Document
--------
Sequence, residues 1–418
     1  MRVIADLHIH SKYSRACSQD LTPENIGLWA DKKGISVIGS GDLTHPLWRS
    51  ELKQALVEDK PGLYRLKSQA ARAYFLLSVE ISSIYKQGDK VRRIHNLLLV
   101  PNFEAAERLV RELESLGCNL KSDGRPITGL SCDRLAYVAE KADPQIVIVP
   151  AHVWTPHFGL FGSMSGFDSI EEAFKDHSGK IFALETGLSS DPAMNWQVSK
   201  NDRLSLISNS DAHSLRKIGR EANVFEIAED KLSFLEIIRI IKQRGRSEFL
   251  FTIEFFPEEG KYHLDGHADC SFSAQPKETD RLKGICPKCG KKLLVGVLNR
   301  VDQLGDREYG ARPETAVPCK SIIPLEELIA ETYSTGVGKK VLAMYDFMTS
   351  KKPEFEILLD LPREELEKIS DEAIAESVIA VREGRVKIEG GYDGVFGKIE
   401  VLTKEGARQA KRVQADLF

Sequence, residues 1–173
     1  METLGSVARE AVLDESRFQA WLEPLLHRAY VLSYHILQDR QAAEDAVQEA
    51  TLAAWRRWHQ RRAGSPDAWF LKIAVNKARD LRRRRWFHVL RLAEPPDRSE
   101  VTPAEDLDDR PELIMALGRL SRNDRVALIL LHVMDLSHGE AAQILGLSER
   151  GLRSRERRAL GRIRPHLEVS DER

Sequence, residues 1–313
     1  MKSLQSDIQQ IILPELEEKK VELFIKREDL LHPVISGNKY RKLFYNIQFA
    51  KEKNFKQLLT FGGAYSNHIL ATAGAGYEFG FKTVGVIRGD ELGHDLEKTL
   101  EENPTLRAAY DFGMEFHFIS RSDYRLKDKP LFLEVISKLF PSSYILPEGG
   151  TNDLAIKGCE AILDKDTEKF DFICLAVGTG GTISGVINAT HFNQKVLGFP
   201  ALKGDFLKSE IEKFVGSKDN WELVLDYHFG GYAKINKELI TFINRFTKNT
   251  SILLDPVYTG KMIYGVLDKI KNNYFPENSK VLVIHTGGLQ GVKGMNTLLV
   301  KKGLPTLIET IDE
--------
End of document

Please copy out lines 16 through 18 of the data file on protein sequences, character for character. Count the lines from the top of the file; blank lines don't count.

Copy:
Sequence, residues 1–313
     1  MKSLQSDIQQ IILPELEEKK VELFIKREDL LHPVISGNKY RKLFYNIQFA
    51  KEKNFKQLLT FGGAYSNHIL ATAGAGYEFG FKTVGVIRGD ELGHDLEKTL